Over the past few decades, allergies have been on the rise worldwide, particularly in the United States. Immunotherapy (or allergy shots), in which incremental exposure to allergens sensitizes the immune system to the allergen, have been effective for some allergies, such as dust mites. For food allergies, the effectiveness of oral exposure in infancy to sensitize patients to the allergen was under debate for many years.1 Last year, the LEAP study performed a much-needed randomized controlled trial for the effect of peanut exposure in early childhood on formation of peanut allergy. Their results were striking and conclusive – the prevalence of peanut allergy in the avoidance group was 17.2%, whereas the prevalence in the consumption group was 3.2%.
At the end of 60 months of exposure or avoidance of peanuts, the LEAP-study ended. However, the long-term effects of this early exposure on peanut tolerance remained unclear. To address this, the LEAP-On study group instructed all LEAP study members (those in both the avoidance and consumption groups) to avoid peanut exposure for 12 months after the end of the LEAP trial. The primary endpoint, peanut allergy at 72 months, was significantly more frequent in the patients that had avoided peanuts in the LEAP trial (18.6%) compared to the consumption group (4.8%, p<0.001). These results indicate that four years of consumption of peanuts in early childhood is sufficient to produce tolerance to peanuts that is maintained over the subsequent year, even with peanut avoidance for that year.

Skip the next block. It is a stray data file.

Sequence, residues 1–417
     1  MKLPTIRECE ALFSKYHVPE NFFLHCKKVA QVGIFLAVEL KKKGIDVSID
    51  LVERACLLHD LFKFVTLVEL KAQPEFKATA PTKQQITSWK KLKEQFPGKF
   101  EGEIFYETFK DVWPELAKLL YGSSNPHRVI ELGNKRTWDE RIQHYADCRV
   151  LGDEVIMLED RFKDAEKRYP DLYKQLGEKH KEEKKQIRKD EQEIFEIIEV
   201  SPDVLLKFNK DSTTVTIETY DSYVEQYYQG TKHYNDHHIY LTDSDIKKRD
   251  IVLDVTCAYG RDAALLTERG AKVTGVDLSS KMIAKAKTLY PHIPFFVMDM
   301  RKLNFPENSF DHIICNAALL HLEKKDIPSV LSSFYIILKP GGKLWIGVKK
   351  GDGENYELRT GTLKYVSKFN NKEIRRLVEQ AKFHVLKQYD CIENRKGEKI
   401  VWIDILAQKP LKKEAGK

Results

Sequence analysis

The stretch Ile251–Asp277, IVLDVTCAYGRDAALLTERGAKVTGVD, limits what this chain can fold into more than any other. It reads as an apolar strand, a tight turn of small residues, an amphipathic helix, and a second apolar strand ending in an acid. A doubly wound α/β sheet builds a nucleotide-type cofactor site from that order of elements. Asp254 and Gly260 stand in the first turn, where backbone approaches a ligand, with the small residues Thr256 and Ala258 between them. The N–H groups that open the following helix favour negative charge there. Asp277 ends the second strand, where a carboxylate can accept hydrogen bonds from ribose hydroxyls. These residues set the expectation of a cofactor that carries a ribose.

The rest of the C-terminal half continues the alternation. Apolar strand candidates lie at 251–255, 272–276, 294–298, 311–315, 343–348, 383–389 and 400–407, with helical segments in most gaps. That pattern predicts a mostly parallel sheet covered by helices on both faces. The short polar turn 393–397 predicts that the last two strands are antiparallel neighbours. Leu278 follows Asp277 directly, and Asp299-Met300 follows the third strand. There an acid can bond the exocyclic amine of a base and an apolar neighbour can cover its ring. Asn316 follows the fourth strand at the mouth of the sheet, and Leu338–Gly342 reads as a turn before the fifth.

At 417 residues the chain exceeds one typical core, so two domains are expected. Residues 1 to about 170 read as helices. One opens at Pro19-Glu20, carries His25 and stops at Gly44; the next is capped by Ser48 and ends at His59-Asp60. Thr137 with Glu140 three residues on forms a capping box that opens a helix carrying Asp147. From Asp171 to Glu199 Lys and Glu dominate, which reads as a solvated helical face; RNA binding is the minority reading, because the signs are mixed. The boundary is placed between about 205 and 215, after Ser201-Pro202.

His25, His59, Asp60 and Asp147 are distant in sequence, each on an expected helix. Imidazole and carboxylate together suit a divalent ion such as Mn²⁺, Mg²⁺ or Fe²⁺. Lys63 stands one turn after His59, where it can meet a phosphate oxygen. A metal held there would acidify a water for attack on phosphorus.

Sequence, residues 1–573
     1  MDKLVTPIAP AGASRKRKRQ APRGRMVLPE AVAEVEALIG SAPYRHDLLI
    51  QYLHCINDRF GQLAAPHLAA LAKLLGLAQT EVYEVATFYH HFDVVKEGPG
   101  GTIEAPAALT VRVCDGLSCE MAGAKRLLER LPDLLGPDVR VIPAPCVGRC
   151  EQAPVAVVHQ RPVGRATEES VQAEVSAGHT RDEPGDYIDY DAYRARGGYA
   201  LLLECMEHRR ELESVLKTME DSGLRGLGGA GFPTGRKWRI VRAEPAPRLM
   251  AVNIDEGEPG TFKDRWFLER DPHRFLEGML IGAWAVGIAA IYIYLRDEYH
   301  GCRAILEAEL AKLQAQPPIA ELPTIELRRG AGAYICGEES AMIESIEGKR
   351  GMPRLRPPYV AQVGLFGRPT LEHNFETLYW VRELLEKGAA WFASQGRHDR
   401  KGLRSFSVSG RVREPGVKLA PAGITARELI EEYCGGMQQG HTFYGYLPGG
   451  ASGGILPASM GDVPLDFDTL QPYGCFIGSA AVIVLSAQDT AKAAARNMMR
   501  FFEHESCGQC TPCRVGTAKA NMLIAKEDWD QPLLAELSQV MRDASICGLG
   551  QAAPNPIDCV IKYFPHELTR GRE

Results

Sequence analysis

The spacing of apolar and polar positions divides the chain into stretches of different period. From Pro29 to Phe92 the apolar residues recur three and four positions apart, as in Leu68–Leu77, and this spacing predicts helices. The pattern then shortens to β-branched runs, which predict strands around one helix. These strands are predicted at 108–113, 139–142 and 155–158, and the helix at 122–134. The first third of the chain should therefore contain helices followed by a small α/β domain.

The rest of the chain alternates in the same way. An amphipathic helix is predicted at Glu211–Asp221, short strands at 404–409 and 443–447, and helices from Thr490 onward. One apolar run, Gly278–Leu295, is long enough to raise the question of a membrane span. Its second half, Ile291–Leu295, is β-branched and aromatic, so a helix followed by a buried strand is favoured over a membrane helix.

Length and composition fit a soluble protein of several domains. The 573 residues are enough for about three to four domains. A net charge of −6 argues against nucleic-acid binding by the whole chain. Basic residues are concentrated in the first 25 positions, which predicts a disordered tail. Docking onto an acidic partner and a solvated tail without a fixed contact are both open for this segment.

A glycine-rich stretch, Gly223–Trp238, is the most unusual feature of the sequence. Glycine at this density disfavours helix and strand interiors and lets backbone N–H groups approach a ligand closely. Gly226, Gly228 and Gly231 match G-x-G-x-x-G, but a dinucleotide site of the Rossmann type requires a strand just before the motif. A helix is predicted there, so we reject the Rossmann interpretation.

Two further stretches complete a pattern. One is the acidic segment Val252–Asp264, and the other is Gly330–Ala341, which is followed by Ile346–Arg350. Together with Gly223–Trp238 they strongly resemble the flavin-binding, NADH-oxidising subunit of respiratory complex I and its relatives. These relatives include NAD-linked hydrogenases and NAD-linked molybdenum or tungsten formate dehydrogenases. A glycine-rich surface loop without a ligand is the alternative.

In addition, the authors report that there were three cases of new peanut allergy in both groups during the 12 months after the LEAP study. However, there was no statistical difference in peanut allergy over the year of avoidance in the LEAP consumption group (3.7% at 60 months, 4.8% at 72 months, p=0.250), indicating that avoidance after consumption did not increase de novo peanut allergy formation.
While it is clear that peanut tolerance is stable for 12 months after oral exposure, a variety of questions remain. First, how long will this tolerance be stable? Is it necessary to have exposure this early in life in order to acquire such tolerance? And importantly, do these results apply to other food allergens, beyond peanuts? Hopefully, with follow up studies and more randomized controlled trials, we can begin to tackle the ever-rising rates of allergies.
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Rachel is a fifth-year MD/PhD student at Harvard Medical School. She is originally from Okemos, MI, and graduated from Stanford University in 2011. For her PhD research, she is studying the regulation of cell growth in response to nutrients.